This article is taken from the June 2021 issue of The Critic. To get the full magazine why not subscribe? Right now we’re offering five issue for just £10.
For a long while we knew almost nothing about the girl who keeps 19 beehives down below our house. It’s the sort of thing everyone likes to pretend happens all the time in rural Scotland but in truth it seldom does. “She just knocked on the door one day,” my mother told me, “and she wanted to know if the field below the orchard was ours.”
In my younger years, when I was home from university, I sometimes hung out down there and smoked rollies but it never occurred to me that the seclusion it offered had any potential for bees. I didn’t ask about the arrangement but we’ve always got a steady supply of honey, “one jar per hive per annum,” my mother later explained, “the going rate from a bee tenant in Scotland.”
Katie Warwick doesn’t look like a beekeeper
I still think it was the sheep, the farmer reckons it was a badger, and my younger brother blames the dog fox he missed, four years ago now, when he was shooting ducks. Every year, in Lockie’s mind anyway, the fox becomes even bigger and its list of misdemeanours grows ever longer. Either way, one of the hives had tumbled over, rolled down the hill a few times, and the bees — to my ears at least — sounded wild with rage.
We’ve never had a phone number for Katie but my mother vaguely remembered writing her email address down somewhere. Within half an hour she’d replied: “don’t lift it, might need smoker, I’ll come tomorrow.” The following day, not long after breakfast, she arrived in her pick-up.
Katie Warwick doesn’t look like a beekeeper. I’m sure there are apiarists who would find the notion of there being a “type” deeply offensive but in truth, she explained, sitting on the tail-gate of her truck while putting on her suit, the community is an aging one. Most British beekeepers are two-hives-by-the-summerhouse retirees who do it for a hobby rather than actually wanting to make a career of it.
The bees, Katie understood from listening to them, were “pretty chilled out” about the great wrong that had been done and she soon had the hive back below the orchard wall on its wooden pallet. Originally from South West London, Katie is one of 30 apprentices on a four-year course run by the Bee Farmers Association, an initiative that was established in the hope of bringing vitality to the industry. The 19 hives she keeps at my house are part of her collection of 162, which sounds huge but she’d need almost twice that before she could earn a living from it.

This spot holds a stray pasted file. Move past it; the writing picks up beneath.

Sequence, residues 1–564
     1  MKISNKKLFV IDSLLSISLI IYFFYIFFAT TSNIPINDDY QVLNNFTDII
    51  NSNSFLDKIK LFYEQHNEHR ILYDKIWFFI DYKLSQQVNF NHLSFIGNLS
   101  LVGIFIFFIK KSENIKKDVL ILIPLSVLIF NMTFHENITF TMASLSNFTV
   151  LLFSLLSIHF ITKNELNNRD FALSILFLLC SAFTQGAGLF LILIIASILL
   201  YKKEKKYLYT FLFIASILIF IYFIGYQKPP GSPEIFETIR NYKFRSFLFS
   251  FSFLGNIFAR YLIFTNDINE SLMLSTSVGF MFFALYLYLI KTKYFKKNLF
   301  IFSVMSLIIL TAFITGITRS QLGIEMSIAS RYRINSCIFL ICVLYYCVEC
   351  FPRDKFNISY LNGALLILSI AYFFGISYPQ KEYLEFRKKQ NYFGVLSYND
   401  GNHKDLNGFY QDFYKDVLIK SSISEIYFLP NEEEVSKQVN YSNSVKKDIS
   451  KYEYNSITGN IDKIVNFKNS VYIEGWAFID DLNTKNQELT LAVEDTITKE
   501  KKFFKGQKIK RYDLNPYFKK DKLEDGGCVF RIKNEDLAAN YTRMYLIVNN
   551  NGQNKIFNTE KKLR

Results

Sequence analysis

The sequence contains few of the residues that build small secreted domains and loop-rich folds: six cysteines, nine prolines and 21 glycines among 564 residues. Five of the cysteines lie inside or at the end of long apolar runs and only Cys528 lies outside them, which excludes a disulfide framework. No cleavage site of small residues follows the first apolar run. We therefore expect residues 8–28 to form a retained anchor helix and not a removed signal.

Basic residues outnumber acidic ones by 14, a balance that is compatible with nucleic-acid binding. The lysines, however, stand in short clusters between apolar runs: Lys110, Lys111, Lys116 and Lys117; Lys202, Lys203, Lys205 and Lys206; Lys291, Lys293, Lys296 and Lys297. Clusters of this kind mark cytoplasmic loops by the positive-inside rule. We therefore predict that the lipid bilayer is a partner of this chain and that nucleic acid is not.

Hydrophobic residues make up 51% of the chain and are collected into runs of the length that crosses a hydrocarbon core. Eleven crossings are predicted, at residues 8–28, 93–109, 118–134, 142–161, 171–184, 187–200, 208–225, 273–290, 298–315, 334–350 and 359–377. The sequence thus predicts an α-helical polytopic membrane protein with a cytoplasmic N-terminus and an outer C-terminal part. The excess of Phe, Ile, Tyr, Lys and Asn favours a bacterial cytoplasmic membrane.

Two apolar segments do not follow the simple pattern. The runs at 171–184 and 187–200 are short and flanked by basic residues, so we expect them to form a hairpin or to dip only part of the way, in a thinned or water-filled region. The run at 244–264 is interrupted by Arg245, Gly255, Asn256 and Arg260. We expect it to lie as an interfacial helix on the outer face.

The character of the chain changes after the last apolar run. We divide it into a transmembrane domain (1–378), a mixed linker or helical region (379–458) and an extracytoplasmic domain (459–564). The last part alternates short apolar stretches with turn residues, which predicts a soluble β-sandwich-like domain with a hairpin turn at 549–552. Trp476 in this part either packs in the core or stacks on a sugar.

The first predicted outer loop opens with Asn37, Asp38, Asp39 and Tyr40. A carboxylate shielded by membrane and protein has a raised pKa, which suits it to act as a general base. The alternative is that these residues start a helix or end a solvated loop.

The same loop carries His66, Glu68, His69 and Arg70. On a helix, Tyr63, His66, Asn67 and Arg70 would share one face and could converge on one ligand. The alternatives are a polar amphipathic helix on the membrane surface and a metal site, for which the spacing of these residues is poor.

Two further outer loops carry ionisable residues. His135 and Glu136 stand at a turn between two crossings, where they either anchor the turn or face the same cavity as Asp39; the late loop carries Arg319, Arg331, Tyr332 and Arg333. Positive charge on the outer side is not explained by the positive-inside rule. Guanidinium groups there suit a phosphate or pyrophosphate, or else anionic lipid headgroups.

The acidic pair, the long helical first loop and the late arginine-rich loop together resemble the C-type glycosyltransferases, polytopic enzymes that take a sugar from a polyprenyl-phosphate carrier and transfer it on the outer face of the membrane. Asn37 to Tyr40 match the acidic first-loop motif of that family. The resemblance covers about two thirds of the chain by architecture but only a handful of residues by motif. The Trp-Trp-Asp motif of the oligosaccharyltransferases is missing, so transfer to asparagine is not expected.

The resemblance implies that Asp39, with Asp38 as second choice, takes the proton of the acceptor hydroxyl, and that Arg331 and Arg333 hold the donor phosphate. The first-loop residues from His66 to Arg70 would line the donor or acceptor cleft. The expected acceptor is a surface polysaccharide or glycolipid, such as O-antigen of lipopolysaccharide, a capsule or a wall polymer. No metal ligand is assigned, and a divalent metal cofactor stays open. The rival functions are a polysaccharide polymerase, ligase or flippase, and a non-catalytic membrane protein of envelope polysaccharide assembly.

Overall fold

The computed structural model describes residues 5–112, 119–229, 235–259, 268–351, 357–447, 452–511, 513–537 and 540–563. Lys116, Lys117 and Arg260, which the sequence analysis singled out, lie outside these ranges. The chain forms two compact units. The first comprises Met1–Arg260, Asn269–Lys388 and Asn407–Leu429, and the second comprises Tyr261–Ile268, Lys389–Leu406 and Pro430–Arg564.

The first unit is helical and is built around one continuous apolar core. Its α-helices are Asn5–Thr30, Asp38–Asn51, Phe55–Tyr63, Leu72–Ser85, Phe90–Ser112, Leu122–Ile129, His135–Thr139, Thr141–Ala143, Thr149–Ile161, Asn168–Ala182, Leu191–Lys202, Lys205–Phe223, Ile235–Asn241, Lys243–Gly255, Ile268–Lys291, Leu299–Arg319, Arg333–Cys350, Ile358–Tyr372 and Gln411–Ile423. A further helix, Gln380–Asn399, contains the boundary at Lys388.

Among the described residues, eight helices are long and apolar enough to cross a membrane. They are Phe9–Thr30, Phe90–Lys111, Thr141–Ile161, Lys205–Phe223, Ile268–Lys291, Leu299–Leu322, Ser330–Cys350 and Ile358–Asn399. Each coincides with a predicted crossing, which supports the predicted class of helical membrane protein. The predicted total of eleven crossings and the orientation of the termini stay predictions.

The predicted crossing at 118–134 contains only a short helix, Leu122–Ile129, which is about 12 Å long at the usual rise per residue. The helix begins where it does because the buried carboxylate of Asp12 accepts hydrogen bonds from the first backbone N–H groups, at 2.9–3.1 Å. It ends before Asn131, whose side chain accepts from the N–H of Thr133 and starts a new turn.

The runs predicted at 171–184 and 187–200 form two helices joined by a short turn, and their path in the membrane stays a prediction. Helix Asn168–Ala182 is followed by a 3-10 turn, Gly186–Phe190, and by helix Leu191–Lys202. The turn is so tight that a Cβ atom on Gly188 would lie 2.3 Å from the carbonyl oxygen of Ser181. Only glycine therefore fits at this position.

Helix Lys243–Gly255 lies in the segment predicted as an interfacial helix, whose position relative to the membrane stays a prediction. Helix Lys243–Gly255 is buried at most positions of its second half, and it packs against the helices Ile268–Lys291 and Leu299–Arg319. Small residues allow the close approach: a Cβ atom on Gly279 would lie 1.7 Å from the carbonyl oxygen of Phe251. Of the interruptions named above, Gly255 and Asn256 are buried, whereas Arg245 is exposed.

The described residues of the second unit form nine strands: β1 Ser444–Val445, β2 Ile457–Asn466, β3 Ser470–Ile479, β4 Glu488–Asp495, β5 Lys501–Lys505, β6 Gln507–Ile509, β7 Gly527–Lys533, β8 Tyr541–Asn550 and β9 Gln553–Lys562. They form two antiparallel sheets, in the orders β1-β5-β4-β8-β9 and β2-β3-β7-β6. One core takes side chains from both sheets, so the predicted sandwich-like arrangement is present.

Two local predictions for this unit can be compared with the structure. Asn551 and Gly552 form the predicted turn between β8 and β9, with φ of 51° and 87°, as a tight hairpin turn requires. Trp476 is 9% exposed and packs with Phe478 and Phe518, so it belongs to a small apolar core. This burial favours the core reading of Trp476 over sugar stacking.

With spring having been the coldest on record, the bees are behind but Katie thinks that towards the end of May, they’ll go through their annual process of the colonies becoming overpopulated, at which point a new queen is raised and two thirds of the bees will head off with the old one.
Last year she had all sorts of problems with losing swarms and this year, she’s trying a bait hive. The hive stands almost as tall as she does and she explained that “it gives the bees a sense of security from having their nest raided by something like a bear.” It’s been at least 1500 years now since any such creature made off with honey in Dumfriesshire but the bees’ instincts keep them on their guard.
Katie gestured to the hills around us and told me that while the blooming willows are great for her bees
Sitting on the old stone dyke, where I used to hide my rollie butts in the wall, Katie gestured to the hills around us and told me that while the blooming willows are great for her bees, the non-native forestry plantations and monocultural farming have very little to offer them in the way of nectar and pollen. One of the great challenges of her job is finding areas with sufficient sustenance.
A lack of wild food has been a big factor in Britain losing almost a quarter of its wild bees in the past 40 years and Katie accepts that keeping honey bees can make the situation worse. Earlier this year, in a bid for a bit of green shine, Marks and Spencers unveiled plans to place 1,000 hives on 25 farms across England. “They’re like: ‘Oh, we saving the bees,’” Katie laughed. “But the best way to save the bees is to plant more food for them. It’s just putting loads of bees out there when there’s nothing for them.”
In South West Scotland, where ageing apiarists are an oddity, things are better. But in the south of England hordes of hobby beekeepers are starting to be a bit of a problem.
It’s not that you mustn’t indulge that retirement dream of putting two hives down by the summer house, but plough up your patio first and plant a bed of poppies.
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